Iowa Caucus 2024: Everything You Need to Know and Why
Iowa Republicans will caucus to select the party's 2024 presidential nominee. Trump is expected to win, but second place is up for grabs.
The Iowa Caucus is a crucial event in the Republican presidential nomination process. While Iowa only provides 1.6% of the delegates to be awarded at the Republican National Convention, it holds significant influence in separating the contenders from the pretenders. The caucus differs from primary elections in that voters gather in local caucuses across the state to select a nominee. The meetings involve a binding vote for the Republican presidential nominee and the election of delegates to attend county Republican conventions, which is the first step in electing delegates to the national GOP convention.
To participate in the caucus, voters must be at least 18 years old by the November general election, and only registered Republicans can participate. However, Iowa permits voters to register or change their party affiliation on caucus night. The public nature of the caucus presents a unique logistical challenge for presidential campaigns, as they must recruit volunteer caucus captains to ensure their supporters attend the meetings. The Republican caucuses convene statewide at 7 p.m. local time.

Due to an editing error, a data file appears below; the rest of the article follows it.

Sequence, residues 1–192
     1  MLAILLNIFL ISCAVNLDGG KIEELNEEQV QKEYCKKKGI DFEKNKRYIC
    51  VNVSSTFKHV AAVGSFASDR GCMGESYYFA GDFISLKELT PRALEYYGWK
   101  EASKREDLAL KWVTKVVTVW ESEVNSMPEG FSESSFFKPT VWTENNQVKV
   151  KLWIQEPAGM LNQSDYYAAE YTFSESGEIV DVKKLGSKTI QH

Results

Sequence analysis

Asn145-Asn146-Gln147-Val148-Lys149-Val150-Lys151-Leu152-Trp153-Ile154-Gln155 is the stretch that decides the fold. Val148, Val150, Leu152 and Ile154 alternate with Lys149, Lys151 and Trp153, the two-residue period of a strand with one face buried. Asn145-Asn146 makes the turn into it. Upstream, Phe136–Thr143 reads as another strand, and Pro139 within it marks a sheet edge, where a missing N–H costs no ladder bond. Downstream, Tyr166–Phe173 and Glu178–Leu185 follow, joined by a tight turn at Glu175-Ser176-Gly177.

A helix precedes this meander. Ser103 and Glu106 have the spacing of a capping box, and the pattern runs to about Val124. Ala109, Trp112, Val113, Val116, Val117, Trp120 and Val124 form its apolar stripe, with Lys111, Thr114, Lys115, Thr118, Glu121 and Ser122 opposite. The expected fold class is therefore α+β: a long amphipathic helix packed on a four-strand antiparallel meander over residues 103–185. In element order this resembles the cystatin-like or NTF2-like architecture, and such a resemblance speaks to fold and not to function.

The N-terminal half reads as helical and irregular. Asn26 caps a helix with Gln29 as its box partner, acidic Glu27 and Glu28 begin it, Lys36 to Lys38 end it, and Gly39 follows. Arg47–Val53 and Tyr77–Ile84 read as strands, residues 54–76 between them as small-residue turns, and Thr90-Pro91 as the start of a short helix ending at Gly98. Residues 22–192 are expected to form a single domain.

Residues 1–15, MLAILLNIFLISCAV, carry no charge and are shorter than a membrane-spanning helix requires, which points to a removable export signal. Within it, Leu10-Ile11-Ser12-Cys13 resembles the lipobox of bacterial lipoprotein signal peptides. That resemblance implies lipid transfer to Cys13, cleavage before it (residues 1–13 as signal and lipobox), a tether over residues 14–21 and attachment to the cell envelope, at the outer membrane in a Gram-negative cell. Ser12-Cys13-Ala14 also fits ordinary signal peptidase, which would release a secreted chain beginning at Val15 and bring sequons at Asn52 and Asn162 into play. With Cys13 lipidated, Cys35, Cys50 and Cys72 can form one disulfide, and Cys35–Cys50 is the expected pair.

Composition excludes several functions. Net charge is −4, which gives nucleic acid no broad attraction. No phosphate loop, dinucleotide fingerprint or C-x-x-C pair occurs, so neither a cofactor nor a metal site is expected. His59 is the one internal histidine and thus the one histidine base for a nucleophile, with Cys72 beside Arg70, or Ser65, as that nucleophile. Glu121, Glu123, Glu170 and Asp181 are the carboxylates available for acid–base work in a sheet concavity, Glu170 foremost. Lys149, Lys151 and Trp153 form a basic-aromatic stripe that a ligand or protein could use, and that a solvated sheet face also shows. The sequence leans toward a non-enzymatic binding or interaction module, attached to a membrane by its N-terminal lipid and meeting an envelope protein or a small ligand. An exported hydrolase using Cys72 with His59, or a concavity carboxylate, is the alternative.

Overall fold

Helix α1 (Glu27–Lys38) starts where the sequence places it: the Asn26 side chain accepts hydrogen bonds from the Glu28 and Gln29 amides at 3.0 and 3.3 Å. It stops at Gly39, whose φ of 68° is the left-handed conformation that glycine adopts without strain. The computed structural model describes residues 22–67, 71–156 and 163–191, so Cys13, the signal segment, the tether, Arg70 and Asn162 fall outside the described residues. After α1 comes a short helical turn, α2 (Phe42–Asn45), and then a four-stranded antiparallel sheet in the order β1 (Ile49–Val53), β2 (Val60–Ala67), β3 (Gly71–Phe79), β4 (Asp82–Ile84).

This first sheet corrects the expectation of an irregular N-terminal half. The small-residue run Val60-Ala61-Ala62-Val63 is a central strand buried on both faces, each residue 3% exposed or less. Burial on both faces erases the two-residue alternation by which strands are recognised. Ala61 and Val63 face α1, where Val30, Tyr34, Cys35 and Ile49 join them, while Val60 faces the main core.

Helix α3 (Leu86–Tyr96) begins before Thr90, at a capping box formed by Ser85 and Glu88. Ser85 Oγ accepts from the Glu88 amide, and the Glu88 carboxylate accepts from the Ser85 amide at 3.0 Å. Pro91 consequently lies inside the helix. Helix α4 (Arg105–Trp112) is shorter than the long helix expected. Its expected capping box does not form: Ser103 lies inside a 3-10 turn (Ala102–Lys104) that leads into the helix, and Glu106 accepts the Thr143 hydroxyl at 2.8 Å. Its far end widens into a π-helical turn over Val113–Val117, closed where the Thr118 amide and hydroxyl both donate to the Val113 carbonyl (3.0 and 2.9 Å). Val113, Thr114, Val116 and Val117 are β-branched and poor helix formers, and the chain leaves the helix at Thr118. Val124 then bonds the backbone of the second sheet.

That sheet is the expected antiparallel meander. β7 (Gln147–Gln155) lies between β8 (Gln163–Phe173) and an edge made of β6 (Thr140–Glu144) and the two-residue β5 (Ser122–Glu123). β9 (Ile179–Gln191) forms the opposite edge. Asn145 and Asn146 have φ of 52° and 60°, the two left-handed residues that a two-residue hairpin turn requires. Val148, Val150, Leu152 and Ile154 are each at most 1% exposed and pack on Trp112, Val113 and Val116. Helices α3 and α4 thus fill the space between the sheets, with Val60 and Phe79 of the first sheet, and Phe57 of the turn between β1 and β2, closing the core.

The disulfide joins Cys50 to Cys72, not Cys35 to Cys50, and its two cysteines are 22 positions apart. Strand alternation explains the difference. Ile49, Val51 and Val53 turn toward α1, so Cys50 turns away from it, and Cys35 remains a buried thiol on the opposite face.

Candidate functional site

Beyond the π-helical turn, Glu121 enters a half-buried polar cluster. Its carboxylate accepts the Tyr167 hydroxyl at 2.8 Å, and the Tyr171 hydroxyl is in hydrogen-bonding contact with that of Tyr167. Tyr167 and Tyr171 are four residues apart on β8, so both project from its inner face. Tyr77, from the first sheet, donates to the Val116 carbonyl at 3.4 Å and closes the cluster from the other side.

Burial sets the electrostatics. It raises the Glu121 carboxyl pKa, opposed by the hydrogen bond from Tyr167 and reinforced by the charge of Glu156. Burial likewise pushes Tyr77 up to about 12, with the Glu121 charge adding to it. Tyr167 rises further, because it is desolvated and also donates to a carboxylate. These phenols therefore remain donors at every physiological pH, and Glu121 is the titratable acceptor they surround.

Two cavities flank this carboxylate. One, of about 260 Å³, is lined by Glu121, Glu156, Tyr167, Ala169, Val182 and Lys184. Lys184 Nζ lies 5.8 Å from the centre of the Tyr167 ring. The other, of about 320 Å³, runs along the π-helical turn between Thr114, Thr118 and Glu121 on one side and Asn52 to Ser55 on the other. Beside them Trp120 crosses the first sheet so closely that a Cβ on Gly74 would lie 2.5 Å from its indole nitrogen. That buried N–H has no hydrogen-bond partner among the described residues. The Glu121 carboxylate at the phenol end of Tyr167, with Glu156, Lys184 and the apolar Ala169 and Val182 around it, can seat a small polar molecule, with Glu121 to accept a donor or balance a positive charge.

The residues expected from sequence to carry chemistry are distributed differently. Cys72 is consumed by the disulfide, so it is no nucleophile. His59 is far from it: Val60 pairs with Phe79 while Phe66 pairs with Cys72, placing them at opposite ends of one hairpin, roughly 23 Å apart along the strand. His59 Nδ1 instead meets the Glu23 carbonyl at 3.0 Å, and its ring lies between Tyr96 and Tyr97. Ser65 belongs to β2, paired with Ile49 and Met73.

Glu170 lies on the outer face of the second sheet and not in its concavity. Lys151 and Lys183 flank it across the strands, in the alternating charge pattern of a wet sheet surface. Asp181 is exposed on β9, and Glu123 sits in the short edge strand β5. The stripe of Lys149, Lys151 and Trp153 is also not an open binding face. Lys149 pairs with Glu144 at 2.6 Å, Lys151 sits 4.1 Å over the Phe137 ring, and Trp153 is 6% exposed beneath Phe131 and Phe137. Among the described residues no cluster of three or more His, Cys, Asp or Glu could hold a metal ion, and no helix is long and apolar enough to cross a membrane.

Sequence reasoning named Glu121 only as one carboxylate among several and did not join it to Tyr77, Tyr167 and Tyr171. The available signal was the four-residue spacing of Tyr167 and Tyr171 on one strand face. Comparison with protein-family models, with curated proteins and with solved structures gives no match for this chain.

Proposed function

Iowa became the first state to hold a leadoff contest in the modern campaign era, with the 1972 Democratic caucus marking the beginning of the state's prominence in the nomination process. Since then, Iowa has awarded delegates through precinct caucuses, district and county conventions, and a statewide convention. The state has a history of producing winners who go on to obtain the nomination, including former President Gerald Ford, Bob Dole, George W. Bush, and Donald Trump.
In the upcoming 2024 Iowa Caucus, former President Trump is expected to come out on top, with the battle for second place between former South Carolina Gov. Nikki Haley and Florida Gov. Ron DeSantis. The forecast for frigid temperatures on caucus night is expected to complicate matters for candidates and caucus-goers. Despite calls to switch to a primary election, Iowa voters have shown no inclination to scrap the caucus system, citing its historical significance.
Following the Iowa Caucus, Republican presidential hopefuls will head to New Hampshire for the first-in-the-nation primary. Additionally, there are more than a dozen caucus competitions on the 2024 itinerary for Republicans across several states and territories. Iowa has 40 delegates up for grabs out of the 2,469 to be awarded by the Republican National Committee, which will be doled out proportionally.